World Library  
Flag as Inappropriate
Email this Article

Elizabeth Collins Stoddard


Elizabeth Collins Stoddard

Elizabeth Collins Stoddard
Dark Shadows character
Portrayed by Joan Bennett (1966 — 1971)
Jean Simmons (1991)
Blair Brown (2004)
Michelle Pfeiffer (2012)
First appearance June 27, 1966
Last appearance May 2012
Created by Dan Curtis and Art Wallace
Other names Elizabeth Collins (maiden name)
Occupation Socialite
Residence Collinwood

Elizabeth Collins Stoddard is a fictional character played by Joan Bennett on the cult television ABC-TV Gothic horror soap opera Dark Shadows from 1966 to 1971. Elizabeth is the matriarch of the Collins family, the longtime owners of a cannery and shipping company in a small Maine fishing town. Jean Simmons portrayed the character in the revival series in 1991, and Blair Brown took over the role in the WB pilot. Elizabeth is played by Michelle Pfeiffer in the 2012 feature film.


  • Original series 1
  • Parallel Time 2
  • Revival series 3
  • 2004 pilot 4
  • Dark Shadows (2012) 5
  • Production 6
  • References 7
  • External links 8

Original series

At the start of the series (1966), we learn that Elizabeth's husband Paul Stoddard (Dennis Patrick) disappeared in 1949, some 17 years before the arrival of governess Victoria Winters (Alexandra Moltke). Since her husband went missing, Elizabeth has not left the ancient family mansion, Collinwood, or its grounds.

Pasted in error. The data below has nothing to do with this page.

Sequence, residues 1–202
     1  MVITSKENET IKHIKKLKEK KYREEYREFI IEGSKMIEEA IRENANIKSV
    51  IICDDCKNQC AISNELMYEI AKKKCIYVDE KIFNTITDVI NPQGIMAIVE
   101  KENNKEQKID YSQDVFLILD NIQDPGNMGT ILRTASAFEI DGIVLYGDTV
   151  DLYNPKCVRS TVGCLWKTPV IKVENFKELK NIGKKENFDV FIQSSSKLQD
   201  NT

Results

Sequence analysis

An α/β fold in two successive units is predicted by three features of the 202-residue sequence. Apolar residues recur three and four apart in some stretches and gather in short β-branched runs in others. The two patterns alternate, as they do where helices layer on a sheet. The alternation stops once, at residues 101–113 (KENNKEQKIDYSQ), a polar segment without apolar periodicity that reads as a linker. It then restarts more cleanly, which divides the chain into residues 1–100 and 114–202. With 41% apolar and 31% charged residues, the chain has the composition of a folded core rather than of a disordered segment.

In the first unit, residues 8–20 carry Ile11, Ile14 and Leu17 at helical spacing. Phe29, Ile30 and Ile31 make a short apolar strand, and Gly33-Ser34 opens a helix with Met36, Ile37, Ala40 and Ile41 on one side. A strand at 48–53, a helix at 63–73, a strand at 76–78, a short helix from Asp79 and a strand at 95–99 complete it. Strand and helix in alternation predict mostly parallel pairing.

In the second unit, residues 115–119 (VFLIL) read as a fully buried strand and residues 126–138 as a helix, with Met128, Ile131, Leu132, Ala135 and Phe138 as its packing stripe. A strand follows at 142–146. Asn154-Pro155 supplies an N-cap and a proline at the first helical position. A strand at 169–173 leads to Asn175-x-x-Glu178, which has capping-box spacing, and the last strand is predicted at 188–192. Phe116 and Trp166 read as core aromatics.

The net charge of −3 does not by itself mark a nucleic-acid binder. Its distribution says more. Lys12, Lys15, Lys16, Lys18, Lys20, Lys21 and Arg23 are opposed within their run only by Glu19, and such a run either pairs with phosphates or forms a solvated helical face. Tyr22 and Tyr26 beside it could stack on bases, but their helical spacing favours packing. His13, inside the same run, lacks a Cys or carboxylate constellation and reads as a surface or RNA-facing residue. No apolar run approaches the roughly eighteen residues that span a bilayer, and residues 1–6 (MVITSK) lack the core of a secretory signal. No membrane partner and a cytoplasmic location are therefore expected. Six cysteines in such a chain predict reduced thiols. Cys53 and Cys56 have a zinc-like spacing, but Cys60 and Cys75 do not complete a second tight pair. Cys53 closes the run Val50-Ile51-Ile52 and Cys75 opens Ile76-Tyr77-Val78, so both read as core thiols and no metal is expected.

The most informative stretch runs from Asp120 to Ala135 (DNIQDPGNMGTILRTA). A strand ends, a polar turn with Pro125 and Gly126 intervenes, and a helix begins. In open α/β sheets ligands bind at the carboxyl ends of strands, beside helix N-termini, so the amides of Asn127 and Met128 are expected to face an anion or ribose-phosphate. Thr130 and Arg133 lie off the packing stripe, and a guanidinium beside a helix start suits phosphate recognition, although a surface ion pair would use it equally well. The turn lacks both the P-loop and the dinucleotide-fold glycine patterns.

Elizabeth's younger brother is the snobbish Roger Collins (Louis Edmonds). The father of both Elizabeth and Roger was Jamison Collins. Roger has a darkly mischievous (some would say diabolical) son named David Collins (David Henesy), of whom Elizabeth is quite fond. Elizabeth's daughter is spoiled rich girl Carolyn Stoddard (Nancy Barrett). Despite her imperious and reserved exterior, Elizabeth is a deeply passionate woman who harbors several dark secrets. The main secret that emerges in the course of the series is her belief that she murdered her husband, Paul Stoddard, and that his body was buried in the basement. This is the reason she has not left Collinwood for nearly 20 years. However, the story of her husband's death proves to be an elaborate con by Paul himself and his criminal colleague Jason McGuire (also played by Dennis Patrick), through which they planned to blackmail Elizabeth into giving them the Collins fortune. Fortunately the truth comes out before grave damage is done, and McGuire is killed shortly thereafter by Barnabas Collins as he desperately tried to recoup his losses. Paul eventually reappears in 1969, and dies the following year.

According to the family Bible, shot in close-up in episodes dealing with Elizabeth's attempted suicide by jumping from Widow's Hill, she was born February 28, 1917; Roger was born September 14, 1925; and Carolyn was born July 16, 1946, but there seems to be some inconsistency in dates.